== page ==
Parents are responsible for bringing into the world their progeniture whether deliberately or carelessly and theirs is an unwritten covenant that the life of the child, and by descent the child's child, is to be valued above that of the original progenitors.Gordimer's assault on grammar and syntax doesn't end there. Practically every page contains some such monstrosity. Sometimes Gordimer is merely awkward:
The tall heavy woman, ageing gourd filled with a life of many troubles, rather than a delicate yellow flower, who had never before been called into the livingroom to sit down and talk with her employers, nevertheless gave them the uninhibited attention their good relations, her considerate working conditions and excellent pay, she found naturally called for.Sometimes she is, well, even more awkward:
For the first few moments there, eyelids alternately squeezing and lifting wide at the immersion in that benign illumination, of the sun, birds who ring out like mobile phones.Sometimes you find yourself reading the phrase aloud to loved ones so they too can bask in its finely-wrought badness:
Hearing this apparently general reaction to overwhelment by splendour beyond skylines he doesn't tell, no, you have to endure being in it: a menacing part of it.Often, though, you have to set the book aside while you wipe tears of laughter from your eyes:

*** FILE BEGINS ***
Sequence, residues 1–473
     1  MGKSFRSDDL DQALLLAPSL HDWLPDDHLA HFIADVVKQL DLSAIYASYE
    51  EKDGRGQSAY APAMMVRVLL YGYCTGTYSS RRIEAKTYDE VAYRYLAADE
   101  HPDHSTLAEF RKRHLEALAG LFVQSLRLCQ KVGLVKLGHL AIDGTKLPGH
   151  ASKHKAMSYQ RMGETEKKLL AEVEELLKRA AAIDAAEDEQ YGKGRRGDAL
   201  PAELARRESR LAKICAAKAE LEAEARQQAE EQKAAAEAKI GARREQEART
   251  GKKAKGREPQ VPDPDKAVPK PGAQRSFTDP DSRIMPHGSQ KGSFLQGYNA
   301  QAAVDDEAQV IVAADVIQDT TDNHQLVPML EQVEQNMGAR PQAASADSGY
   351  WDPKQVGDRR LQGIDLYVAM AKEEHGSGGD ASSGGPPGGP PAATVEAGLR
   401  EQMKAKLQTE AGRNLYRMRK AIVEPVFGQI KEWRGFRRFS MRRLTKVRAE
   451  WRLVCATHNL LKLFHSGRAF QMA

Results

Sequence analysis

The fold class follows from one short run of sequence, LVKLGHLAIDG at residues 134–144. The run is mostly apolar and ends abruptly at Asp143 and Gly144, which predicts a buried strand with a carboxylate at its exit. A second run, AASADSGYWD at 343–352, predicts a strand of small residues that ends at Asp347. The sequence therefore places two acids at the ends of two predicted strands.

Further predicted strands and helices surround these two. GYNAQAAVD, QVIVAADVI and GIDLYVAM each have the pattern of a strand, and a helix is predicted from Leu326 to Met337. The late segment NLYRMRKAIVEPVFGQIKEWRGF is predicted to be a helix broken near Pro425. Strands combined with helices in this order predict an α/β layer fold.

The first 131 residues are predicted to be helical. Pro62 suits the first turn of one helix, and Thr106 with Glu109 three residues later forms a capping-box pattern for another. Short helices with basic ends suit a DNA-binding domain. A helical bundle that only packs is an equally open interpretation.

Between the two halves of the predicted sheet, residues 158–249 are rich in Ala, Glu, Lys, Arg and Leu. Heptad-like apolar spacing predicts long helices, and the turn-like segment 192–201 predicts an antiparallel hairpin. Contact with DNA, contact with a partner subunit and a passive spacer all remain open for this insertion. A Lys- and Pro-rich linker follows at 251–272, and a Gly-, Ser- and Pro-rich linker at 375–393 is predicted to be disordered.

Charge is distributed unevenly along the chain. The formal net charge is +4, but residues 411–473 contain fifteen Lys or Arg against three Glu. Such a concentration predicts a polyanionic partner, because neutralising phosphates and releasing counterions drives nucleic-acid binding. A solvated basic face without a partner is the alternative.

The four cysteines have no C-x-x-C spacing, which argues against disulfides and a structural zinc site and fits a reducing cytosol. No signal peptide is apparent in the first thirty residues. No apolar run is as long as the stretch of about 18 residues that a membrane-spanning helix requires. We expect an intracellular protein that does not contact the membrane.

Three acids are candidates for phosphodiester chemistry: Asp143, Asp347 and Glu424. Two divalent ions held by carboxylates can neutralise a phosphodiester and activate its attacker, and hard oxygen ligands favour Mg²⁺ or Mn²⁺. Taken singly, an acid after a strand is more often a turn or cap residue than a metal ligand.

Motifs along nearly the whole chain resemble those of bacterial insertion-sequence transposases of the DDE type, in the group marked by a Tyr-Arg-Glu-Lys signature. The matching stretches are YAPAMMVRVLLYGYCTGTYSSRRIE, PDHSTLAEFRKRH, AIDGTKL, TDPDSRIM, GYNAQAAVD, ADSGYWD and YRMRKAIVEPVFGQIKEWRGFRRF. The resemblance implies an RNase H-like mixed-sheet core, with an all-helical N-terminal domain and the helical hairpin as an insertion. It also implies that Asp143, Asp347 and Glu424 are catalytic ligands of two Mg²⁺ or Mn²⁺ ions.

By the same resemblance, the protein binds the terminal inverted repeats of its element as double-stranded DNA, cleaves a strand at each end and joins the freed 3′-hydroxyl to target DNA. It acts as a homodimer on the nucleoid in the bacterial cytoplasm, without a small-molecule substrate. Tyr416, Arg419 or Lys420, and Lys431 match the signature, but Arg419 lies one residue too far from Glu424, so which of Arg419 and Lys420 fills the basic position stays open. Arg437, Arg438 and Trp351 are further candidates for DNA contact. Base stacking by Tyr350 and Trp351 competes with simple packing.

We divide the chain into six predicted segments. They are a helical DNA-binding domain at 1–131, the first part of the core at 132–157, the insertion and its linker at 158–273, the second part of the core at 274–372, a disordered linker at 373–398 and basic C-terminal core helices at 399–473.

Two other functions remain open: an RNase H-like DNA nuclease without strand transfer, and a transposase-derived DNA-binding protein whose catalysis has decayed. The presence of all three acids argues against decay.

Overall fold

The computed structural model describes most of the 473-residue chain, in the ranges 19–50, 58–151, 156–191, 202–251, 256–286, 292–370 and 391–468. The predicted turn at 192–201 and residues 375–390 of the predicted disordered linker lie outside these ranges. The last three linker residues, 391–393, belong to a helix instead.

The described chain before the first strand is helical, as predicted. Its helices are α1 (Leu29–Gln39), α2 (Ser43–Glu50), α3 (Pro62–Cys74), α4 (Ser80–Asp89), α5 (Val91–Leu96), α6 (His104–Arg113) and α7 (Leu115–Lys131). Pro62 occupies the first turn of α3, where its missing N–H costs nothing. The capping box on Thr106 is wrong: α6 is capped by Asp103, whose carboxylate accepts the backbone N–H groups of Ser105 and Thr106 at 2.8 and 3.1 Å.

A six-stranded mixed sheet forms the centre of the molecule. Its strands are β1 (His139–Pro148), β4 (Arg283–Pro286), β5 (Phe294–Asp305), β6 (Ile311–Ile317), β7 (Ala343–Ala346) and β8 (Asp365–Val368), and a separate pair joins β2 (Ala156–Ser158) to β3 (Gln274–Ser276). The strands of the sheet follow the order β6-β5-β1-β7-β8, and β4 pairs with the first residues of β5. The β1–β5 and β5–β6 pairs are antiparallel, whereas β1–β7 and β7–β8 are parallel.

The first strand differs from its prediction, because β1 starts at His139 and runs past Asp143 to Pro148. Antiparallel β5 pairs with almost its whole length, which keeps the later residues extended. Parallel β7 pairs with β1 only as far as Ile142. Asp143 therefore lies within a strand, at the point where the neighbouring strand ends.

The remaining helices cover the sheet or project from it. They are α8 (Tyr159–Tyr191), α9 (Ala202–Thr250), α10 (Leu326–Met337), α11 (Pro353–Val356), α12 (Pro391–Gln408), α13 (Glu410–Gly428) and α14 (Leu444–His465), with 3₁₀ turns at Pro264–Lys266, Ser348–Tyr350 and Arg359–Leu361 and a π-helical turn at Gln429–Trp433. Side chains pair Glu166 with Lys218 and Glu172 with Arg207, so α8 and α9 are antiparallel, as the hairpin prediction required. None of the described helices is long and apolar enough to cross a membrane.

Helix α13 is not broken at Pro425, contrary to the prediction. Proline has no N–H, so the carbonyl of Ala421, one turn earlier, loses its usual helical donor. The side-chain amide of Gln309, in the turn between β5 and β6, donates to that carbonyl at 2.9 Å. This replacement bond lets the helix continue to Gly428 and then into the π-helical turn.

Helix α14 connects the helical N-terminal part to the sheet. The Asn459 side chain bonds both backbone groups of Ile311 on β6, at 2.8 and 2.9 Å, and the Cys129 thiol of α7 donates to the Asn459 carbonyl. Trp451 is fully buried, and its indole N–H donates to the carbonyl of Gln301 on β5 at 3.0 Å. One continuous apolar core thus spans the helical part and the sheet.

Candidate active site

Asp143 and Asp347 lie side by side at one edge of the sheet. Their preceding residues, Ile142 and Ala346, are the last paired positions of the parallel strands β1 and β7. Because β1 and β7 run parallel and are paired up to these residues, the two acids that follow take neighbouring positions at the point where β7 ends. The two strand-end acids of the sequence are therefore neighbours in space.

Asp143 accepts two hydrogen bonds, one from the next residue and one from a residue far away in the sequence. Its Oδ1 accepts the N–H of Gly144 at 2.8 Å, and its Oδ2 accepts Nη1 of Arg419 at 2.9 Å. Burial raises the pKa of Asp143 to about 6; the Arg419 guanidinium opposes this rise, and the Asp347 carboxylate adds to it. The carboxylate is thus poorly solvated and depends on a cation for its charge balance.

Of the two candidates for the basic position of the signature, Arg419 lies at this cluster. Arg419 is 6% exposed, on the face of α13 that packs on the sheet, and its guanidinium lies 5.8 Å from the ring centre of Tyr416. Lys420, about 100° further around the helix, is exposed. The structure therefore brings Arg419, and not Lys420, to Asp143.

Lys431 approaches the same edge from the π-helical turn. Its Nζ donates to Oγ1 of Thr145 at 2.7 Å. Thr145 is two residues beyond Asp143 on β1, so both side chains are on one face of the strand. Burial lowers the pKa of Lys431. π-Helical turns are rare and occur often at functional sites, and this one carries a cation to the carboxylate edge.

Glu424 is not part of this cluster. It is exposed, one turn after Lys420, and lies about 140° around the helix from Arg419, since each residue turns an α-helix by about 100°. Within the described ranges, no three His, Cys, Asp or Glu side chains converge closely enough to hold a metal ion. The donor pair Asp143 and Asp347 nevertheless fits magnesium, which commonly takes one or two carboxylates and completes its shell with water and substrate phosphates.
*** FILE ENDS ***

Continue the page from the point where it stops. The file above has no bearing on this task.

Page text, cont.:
Could you have ever interrupted your selfhood - yes - for an unthinking primitive gratification of some sort, a child gobbling a lollipop.Considerations of "style" aside, Get a Life has little to recommend it. The story tells of Paul, a young South African ecologist, who is diagnosed with thyroid cancer and treated with a kind of radioactive dye that forces him into quarantine under the care of his parents. Gordimer follows various strands - Paul's parents' marital difficulties; his work as an anti-nuclear activist; his wife's career in advertising - each less interesting than the last. The narrative voice is as dry as an unbuttered Salada, the characters are tedious bores, and the political angle is as poorly-handled as political angles in literary novels tend to be. Gordimer's prose style provides some unintended comic relief, but otherwise Get a Life is sodding dull.
I'm as cynical about the Booker as anybody, but it still staggers me that shitty writing like this is rewarded with a spot on the longlist. How does it even get published?